Shameless Plug

Ok, so I’m going to throw out a shameless plug for my other project site, simplemediagroup.net. It is a project that offers free consultation to folks who don’t have the skill set to set up their own web presence. Everything from basic advice to full site setup and basic site administration training.

If you happen to want to submit someone, namely an NFPO, open source project, community, church group, self-employed type for some of our assistance, please do.

Thanks for bearing with me through that…

~matt

Why Now?

I’ve heard it said that everyone thinks about committing suicide at least once in their life. I guess today was my day.

Before you send flowers, know this, I have never wanted to die, nor do I today. It is a rather interesting way to start a post though. However it does bring to mind the question, “What would happen in the world around me if I were to die today.” Still not quite a thought about killing myself mind you, just a question of death. That led me to wonder if I should write down a synopsis of my thoughts on my life, and if so, why. But I’m 33 years old and I’m more fascinated by the question of “Why now” than “Why.” I guess we should start at the beginning.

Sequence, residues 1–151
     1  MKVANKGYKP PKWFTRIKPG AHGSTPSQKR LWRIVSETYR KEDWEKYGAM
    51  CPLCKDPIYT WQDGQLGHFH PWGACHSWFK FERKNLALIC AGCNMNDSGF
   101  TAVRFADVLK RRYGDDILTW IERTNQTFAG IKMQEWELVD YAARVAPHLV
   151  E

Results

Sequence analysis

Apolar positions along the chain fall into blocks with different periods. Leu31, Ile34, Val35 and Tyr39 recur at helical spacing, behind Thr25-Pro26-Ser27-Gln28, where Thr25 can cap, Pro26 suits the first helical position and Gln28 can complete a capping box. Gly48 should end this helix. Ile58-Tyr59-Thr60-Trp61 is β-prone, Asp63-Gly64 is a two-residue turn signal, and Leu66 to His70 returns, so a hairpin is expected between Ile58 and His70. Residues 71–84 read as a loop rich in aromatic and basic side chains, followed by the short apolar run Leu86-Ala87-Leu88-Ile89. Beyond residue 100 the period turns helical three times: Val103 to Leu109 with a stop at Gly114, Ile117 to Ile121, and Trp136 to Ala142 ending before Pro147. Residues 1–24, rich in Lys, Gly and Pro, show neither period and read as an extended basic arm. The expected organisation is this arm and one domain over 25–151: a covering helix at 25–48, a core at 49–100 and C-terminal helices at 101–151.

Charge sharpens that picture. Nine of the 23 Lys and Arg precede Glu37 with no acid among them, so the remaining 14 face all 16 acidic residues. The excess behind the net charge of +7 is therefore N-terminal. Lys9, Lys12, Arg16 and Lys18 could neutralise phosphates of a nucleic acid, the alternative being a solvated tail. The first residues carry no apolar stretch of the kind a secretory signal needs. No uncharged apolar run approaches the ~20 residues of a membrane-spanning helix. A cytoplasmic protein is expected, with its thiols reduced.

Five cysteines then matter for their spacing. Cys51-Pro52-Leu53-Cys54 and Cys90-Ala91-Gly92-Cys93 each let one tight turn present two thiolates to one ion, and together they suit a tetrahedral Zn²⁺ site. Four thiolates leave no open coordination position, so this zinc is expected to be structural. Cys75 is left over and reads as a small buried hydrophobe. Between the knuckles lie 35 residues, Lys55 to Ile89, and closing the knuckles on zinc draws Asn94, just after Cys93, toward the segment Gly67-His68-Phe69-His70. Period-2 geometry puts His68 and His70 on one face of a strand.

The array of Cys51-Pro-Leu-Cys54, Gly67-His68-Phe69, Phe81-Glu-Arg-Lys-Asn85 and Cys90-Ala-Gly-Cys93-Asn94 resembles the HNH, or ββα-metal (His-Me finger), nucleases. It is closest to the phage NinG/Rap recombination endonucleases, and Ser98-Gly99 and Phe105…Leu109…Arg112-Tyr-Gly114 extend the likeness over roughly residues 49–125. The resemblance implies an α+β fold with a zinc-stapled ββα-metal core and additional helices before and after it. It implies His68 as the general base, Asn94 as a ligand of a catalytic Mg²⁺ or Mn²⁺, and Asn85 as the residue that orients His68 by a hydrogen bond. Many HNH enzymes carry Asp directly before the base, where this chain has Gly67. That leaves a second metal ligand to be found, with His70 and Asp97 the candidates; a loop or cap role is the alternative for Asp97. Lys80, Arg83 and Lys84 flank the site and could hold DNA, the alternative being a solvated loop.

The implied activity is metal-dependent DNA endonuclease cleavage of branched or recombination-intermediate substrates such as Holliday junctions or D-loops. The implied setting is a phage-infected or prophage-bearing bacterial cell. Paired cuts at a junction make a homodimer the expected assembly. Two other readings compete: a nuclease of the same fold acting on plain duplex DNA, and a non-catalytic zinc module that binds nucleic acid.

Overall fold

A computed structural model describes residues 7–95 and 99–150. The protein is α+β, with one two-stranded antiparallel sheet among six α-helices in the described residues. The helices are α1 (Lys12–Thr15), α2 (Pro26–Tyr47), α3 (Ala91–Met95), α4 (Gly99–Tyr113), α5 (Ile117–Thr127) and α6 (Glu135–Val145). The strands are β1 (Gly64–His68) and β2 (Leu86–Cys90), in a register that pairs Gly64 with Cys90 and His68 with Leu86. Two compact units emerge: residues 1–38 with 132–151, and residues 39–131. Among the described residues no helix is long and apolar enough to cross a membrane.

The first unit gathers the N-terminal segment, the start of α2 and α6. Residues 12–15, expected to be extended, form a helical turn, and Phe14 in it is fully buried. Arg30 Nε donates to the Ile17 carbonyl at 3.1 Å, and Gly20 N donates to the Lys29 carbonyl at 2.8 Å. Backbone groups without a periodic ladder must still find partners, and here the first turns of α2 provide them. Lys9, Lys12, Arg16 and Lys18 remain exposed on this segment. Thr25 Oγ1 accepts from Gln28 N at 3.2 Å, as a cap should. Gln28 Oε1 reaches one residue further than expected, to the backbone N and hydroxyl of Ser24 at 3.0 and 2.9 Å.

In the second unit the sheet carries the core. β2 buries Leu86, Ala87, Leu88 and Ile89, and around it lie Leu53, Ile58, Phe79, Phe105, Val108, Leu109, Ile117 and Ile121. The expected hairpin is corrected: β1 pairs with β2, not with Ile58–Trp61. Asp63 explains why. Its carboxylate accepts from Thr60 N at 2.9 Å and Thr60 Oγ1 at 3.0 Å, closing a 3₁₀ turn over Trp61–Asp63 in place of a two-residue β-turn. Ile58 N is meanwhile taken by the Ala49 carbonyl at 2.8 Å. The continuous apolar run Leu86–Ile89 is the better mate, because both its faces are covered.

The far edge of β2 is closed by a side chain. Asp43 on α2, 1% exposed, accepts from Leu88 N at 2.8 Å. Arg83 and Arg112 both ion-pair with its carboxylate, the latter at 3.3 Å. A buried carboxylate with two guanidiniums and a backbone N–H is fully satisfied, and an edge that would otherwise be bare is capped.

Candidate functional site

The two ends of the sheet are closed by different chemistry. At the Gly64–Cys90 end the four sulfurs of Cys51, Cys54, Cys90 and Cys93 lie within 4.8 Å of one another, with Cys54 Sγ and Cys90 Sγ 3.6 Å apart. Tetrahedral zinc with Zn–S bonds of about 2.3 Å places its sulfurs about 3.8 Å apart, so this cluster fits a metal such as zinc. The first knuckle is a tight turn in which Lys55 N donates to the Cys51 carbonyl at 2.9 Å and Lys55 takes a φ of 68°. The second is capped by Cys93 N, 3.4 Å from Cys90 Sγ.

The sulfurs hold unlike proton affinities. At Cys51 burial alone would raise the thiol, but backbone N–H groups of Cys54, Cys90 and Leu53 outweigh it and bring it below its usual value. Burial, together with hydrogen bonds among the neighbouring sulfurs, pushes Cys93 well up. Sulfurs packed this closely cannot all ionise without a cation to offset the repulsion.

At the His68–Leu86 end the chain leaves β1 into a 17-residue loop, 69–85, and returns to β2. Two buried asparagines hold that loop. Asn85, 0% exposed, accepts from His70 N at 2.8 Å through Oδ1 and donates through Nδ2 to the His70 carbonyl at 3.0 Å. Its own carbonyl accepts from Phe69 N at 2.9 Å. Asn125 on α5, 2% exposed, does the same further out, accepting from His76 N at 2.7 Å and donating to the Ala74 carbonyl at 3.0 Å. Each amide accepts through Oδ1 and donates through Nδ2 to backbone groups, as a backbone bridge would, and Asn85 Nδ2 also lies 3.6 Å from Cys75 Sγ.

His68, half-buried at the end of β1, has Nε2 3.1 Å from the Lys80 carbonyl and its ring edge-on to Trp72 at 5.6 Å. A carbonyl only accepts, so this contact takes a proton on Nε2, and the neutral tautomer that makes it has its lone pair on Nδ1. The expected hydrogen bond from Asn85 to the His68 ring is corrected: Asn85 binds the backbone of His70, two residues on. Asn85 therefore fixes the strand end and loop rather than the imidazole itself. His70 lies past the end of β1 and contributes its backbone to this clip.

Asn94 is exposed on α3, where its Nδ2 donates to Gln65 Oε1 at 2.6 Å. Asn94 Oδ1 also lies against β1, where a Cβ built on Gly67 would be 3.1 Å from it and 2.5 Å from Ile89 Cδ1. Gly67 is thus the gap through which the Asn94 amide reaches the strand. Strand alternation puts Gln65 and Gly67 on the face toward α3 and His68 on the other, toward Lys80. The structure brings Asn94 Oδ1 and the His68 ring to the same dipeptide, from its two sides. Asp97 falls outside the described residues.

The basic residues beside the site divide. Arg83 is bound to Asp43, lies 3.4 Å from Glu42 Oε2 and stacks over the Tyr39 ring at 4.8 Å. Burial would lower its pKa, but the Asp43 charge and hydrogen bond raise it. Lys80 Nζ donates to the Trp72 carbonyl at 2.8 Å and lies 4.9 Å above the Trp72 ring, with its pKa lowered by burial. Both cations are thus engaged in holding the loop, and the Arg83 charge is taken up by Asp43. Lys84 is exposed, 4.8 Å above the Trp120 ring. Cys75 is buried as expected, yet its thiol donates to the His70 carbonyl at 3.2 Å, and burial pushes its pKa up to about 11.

I was born premature, which I find an interesting word etymologically. It almost implies that I grew up too fast, whereas it’s more aptly used to denote that I wasn’t mature enough to be born on time. I don’t have any memories of these traumatic times, but from what friends and family have told me, I’m a bit of a “Miracle baby.” Before we go too far, let me mention that I’m a skeptic foremost, then any form of religious or spiritual belief is at best secondary if not tertiary. So, miracle, yeah I have a problem with that word, too. Miracle implies divine intervention of some kind. I would normally exchange the phrase with “Anomaly Baby,” however we’ll discuss that later. I’ve been told that the doctors said that due to numerous complications at birth, I would either die, or at best live life as a severely mentally retarded individual incapable of even basic mathematical expressions. Well two out of three ain’t bad.